A brief summary of the Court of Appeal judgment in J (Children) [2015] EWCA Civ 1019, handed down today.

This is, hopefully, the final judgment in the long-running child abduction saga of the mother who brought the children to Wales, failed to comply with an order to return them to Spain, and then, as widely reported in the newspapers at the time, absconded with the children before the police could enforce a collection order. To cut a long story short (if you want the details, see the earlier judgments, referred to in this judgment), the case finally revolved around two of the children, now aged 17 and 15, who remained with the mother and refused to return to Spain. In August 2013 the President ordered the mother to return the children. This did not happen, and the father applied for the mother's committal. The committal application went before the President, who gave judgment on the 9th of July 2014. He refused the application because, in his judgment, the father was required to prove to the criminal standard of proof that the mother could have ensured compliance with the orders and he had not achieved this. The father appealed to the Court of Appeal.

Giving the leading judgment Lady Justice Black essentially followed the President's reasoning:
"As I shall now explain, my conclusion that the appeal should be dismissed emanates from the particular circumstances of the case and I have not therefore felt myself compelled to determine the rights and wrongs of [counsel for the father's] arguments. In my judgment, it is necessary to look at the making of the orders against the mother in August 2013 and the father's application for the committal of the mother for contempt as a whole. This was not a case in which the possibility of compliance with the proposed order was investigated before the order was made, in the sort of depth that it might have been in a civil case, or even perhaps in another type of family case. The President decided to exercise his discretion by making orders despite the acknowledged risk that the children would frustrate them. His recognition of the potential impossibility of compliance is clear not only from what he said in his August 2013 judgment but also from his inclusion in the order of alternative dates for the return of the children ... It follows that, in making the order in the face of the risk that it would be impossible for the mother to fulfil it, he would have proceeded upon the basis that no finding of contempt could be made against her unless it was established to the criminal standard of proof that it was within her power to do what was required."
She continued:
"When it came, later, in the context of the contempt application, to a closer examination of whether fulfilment of the orders was possible, the President found that [the child] was clear, settled and determined in her long-held views and found that the father had fallen "well short" of establishing to the criminal standard that the mother could have achieved the return of the children to Spain"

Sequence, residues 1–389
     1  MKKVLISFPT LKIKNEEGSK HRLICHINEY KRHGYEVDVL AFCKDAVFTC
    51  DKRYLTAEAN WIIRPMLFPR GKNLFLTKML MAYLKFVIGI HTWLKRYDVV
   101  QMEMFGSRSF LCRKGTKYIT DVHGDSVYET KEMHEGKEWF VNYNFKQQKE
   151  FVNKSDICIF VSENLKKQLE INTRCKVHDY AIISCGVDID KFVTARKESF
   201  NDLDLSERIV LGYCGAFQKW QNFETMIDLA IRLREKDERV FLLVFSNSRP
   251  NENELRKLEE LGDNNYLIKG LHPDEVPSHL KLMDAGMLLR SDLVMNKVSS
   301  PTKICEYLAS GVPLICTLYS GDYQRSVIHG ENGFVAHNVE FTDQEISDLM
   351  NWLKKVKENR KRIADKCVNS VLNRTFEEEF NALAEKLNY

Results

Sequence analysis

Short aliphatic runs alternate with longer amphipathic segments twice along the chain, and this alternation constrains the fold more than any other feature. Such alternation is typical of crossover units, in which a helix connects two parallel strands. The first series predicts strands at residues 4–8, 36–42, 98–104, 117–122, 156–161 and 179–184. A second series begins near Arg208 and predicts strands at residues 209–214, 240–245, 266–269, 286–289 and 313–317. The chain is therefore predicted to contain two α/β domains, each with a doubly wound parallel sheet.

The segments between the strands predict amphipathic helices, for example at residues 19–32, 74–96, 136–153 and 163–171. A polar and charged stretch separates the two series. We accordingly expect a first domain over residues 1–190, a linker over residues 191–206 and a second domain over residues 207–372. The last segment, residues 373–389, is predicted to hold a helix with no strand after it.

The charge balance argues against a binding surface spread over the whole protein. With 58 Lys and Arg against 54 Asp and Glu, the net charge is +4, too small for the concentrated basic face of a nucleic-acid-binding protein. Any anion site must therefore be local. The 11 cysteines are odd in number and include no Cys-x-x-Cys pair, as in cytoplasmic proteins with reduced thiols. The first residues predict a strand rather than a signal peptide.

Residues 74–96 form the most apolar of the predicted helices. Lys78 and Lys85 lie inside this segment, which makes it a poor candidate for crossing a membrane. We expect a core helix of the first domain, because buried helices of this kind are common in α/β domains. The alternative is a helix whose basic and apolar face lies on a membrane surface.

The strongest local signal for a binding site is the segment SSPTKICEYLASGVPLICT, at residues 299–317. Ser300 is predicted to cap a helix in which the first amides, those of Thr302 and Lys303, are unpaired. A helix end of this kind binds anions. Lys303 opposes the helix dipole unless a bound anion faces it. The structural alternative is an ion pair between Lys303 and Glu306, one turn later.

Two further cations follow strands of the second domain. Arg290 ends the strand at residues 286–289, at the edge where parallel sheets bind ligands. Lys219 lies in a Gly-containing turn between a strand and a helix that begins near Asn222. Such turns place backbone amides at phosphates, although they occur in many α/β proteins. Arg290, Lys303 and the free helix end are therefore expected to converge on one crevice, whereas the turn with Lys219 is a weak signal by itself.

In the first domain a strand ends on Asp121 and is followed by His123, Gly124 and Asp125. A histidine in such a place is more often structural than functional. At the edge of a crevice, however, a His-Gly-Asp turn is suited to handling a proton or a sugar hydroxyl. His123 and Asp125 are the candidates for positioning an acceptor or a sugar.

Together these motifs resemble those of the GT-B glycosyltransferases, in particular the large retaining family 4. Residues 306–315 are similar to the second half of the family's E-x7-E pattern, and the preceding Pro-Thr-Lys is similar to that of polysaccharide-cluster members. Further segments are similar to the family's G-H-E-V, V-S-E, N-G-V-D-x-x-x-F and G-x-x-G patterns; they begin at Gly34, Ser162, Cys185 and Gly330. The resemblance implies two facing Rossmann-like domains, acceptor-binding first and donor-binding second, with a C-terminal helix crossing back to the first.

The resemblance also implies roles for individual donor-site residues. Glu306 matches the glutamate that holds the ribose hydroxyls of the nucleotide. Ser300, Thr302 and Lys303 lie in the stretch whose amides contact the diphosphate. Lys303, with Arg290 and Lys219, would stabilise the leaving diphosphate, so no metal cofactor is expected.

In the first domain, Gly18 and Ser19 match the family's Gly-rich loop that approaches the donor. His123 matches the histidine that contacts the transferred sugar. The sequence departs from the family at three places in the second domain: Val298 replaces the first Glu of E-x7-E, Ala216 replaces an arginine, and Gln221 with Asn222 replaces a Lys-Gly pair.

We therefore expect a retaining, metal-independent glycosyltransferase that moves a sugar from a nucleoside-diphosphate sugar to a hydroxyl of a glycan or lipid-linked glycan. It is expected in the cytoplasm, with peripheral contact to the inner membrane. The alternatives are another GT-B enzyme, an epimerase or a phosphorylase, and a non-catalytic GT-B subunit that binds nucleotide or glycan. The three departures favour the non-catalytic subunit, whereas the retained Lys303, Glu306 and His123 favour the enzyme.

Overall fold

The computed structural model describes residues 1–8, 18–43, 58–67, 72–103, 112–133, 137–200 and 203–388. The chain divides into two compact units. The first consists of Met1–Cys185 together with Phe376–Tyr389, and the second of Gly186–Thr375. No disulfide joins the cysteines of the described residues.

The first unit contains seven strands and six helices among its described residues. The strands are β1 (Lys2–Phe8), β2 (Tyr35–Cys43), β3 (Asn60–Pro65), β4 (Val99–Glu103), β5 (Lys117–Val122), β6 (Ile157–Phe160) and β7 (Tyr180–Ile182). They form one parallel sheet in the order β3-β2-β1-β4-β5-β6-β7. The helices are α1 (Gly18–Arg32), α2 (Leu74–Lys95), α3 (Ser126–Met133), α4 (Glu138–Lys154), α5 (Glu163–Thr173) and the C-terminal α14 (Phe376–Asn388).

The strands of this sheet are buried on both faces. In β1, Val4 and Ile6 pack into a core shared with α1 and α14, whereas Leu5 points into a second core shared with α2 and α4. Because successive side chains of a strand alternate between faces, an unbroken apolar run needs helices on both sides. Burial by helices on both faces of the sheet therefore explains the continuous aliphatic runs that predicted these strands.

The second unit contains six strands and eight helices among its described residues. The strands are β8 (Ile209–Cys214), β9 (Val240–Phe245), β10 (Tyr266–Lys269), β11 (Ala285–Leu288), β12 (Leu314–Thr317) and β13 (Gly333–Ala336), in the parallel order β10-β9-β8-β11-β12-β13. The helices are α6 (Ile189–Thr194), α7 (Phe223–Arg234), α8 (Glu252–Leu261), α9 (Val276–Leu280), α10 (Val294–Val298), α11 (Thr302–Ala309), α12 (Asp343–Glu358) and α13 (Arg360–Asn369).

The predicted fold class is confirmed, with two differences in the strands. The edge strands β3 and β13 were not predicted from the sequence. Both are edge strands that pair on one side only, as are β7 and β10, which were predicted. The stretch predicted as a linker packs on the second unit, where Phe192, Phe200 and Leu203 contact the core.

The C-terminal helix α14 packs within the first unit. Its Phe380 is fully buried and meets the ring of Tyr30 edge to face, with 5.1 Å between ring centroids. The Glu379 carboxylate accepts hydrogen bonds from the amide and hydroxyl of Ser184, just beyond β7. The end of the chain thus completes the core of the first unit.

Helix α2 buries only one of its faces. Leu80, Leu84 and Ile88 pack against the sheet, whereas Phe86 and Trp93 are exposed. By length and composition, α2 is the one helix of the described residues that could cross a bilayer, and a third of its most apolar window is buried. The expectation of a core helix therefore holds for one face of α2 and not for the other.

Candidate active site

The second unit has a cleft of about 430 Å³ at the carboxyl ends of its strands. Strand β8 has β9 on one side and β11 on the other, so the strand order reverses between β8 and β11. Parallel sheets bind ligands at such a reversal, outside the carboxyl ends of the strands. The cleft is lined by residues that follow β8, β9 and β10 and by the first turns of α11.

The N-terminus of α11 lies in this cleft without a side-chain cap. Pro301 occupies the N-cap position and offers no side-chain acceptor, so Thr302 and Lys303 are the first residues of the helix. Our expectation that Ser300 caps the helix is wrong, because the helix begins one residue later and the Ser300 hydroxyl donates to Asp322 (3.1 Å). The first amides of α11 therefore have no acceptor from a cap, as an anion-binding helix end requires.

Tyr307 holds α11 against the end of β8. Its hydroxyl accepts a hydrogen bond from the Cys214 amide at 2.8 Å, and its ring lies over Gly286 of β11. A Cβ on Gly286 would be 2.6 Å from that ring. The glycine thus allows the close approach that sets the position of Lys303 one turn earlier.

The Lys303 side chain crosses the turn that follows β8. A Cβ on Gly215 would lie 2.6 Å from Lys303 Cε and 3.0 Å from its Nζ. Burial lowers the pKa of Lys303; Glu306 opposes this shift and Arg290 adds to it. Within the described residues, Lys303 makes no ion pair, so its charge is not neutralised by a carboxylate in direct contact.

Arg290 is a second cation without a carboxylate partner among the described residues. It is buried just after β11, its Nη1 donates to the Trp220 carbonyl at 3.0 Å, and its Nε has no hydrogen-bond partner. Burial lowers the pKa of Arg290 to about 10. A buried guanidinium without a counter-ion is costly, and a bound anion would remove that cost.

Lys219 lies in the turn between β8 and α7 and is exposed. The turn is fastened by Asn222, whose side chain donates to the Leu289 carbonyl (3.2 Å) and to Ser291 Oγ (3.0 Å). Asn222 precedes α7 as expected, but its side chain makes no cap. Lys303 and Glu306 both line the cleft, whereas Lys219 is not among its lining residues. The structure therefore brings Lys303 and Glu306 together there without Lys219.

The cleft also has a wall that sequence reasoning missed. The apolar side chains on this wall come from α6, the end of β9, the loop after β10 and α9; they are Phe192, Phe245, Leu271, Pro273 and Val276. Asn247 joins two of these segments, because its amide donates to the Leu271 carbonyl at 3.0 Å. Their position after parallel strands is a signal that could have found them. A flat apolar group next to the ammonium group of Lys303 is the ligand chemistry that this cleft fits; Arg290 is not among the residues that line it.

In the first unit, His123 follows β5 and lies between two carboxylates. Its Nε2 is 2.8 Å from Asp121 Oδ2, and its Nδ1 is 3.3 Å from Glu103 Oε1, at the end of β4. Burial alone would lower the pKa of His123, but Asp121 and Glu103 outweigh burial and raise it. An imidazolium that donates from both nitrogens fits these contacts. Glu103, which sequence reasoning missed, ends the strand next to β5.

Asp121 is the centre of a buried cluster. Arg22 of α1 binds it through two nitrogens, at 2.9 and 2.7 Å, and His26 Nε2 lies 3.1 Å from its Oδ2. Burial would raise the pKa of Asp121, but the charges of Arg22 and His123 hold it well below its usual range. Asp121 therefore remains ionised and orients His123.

Lord Justice Floyd and Lord Justice Sullivan gave concurring judgments.

Monday, October 05, 2015

News Essentials: 5th October 2015

A brief summary of the essential family law news and cases from the last week:

Children looked after in England including adoption: 2014 to 2015
Statistics on looked-after children at both national and local authority levels for the financial year 2014 to 2015. Full story: Department for Education.

The law on press reporting of ancillary relief proceedings is ‘a mess’: Mostyn J
Permission given to appeal to resolve the ‘unhappy divergence of judicial approach’. Full story: Family Law Week - see Appleton & Anor v News Group Newspapers Ltd & Anor, below.

Judge rejects call to give life-saving treatment against opposition of patient
A Court of Protection judge has ruled that it would be unlawful for an NHS trust to carry out life-saving treatment against the patient’s opposition. Full story: Local Government Lawyer - see Wye Valley NHS Trust v B, below.

BR v VT [2015] EWHC 2727 (Fam) (02 October 2015)
Application by husband for interim order for sale of matrimonial home, in course of financial remedy proceedings. Full report: Bailii.

B, Re [2015] EWHC 2735 (Fam) (24 July 2015)
Private law proceedings concerning where child should go to school and how much time he should spend with each parent. Full report: Bailii.

Wye Valley NHS Trust -v- Mr B (by his litigation friend, the Official Solicitor) [2015] EWHC 60 (COP) (28 September 2015)
Judgment considering whether it is lawful for the doctors treating a 73-year-old gentleman with a severely infected leg, to amputate his foot against his wishes in order to save his life. Full report: Bailii.

Q (A Child), Re [2015] EWCA Civ 991 (29 September 2015)
Appeal by father against order for assessment of child, in long-running contact dispute. Appeal dismissed. Full report: Bailii.

C (A Child), Re [2015] EWFC 79 (29 September 2015)
Application by expert for disclosure of documents from care proceedings. Application dismissed. Full report: Bailii.

Nicole Appleton and Liam Gallagher -v- (1) News Group Newspapers Ltd, (2) the Press Association [2015] EWHC 2689 (FAM) (28 September 2015)
Judgment concerning continuation of reporting restriction order in financial remedy proceedings. Full report: Bailii.

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For more news, see here.

For more cases, see here.